A 1989 cover of <em>The Boxcar Children</em>.
A 1989 cover of The Boxcar Children. Courtesy Amazon

Jolly tramp associations abounded in popular culture, but closer to home, Warner would have been thinking about trains a lot while growing up in Putnam, Connecticut. In the early 1900s, the town was a stop on the New England Railroad and the Boston and New York Railroad, both of which are now defunct. The Warner house was right across from the train station, so close that cinders from the passing trains landed on the house and the Warner children were tasked with dusting the windowsills twice a day to keep the house in good shape.

Speaking about the series later, Warner admitted that she had always thought it would be fun to live on her own in a little abandoned train car. “I would like to have done what they did,” she said. “I’d still like to do it.”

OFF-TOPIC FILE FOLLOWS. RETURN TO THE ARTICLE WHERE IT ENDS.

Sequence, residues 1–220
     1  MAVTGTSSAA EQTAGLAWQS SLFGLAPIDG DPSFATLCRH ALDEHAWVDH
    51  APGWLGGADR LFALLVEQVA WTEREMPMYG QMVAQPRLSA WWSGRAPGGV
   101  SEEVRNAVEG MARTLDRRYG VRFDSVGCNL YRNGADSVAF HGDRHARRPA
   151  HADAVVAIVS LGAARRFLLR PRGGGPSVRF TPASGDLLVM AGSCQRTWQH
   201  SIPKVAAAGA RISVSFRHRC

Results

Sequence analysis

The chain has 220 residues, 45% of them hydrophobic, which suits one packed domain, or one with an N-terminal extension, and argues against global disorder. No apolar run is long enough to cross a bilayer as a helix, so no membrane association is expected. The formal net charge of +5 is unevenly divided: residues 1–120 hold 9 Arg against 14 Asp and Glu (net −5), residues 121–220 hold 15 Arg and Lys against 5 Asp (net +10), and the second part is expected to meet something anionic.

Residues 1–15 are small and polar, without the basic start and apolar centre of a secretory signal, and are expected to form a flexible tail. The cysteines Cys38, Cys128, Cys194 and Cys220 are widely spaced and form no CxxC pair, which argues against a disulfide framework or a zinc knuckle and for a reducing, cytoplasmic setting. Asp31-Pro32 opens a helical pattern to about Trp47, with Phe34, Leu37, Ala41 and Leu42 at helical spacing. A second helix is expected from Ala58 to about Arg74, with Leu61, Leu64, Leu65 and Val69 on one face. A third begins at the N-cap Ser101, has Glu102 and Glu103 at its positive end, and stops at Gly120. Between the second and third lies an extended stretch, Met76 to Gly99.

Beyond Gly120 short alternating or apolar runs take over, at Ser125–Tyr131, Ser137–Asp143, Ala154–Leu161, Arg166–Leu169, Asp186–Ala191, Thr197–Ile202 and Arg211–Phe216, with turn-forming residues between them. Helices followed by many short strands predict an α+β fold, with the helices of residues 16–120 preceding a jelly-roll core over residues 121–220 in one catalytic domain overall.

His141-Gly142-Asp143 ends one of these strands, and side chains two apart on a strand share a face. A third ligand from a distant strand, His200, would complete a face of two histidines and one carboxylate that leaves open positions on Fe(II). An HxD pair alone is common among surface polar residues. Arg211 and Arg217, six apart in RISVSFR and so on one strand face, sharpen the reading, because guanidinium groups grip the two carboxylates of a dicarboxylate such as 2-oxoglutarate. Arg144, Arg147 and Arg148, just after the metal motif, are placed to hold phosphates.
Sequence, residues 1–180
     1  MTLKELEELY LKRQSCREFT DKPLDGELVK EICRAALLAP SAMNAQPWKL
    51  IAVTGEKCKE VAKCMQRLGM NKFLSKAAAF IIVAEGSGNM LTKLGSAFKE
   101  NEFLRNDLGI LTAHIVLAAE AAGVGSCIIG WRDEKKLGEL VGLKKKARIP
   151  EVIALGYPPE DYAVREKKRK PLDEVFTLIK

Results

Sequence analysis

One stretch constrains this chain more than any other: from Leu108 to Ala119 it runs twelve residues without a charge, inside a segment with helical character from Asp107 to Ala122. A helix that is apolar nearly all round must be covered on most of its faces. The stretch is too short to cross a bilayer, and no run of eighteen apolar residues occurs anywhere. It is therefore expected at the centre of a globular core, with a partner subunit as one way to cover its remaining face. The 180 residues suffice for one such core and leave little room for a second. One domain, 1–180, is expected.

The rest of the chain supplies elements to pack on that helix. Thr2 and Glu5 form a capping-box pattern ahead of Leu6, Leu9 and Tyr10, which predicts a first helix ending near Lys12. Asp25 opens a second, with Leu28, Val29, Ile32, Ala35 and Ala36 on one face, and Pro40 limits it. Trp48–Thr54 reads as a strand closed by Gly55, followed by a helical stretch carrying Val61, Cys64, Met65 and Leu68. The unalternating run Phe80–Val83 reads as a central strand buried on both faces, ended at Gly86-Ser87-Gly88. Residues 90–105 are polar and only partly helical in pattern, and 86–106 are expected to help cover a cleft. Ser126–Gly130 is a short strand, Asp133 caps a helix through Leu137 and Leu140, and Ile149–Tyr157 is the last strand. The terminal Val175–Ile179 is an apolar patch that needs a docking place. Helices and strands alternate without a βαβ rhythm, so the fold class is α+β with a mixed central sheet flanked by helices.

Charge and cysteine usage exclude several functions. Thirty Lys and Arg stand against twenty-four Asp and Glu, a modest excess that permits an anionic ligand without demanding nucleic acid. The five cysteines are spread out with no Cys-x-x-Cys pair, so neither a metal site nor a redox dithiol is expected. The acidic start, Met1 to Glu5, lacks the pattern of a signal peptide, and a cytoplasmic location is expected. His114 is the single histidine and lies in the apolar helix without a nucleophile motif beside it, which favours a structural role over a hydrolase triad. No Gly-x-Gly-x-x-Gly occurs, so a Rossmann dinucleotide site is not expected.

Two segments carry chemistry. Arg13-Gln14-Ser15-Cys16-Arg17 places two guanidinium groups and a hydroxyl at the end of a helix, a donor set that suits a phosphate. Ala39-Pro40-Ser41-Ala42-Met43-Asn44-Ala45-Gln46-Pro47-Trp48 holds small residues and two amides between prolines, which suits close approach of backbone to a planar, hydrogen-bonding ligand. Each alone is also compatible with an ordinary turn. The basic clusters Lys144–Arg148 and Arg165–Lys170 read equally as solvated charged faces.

But the real people living in box cars—the tramps – had a pretty rough life. They performed hard labor, often for little pay, and built a good part of the train tracks, which then became their homes.

A hobo known as The Pennsylvania Kid left home in 1927 when he was 16 and didn’t look back. “Hoboin’ ain’t easy livin’,” he told the photographer John Lopinot in 1974. “What I been through—I don’t know how I lived.” Lopinot describes the experience of riding in a moving boxcar with Pennsy: “If you sit against the sidewall, the swaying motion of the train bangs your head against the oak boards lining the car.… It’s too rough of a ride to sleep.” The Interstate Commerce Commission estimates that between 1898 and 1908, 48,000 tramps died on freight trains—from complications jumping onto trains or because of the terrible conditions inside of them. Just as many were injured.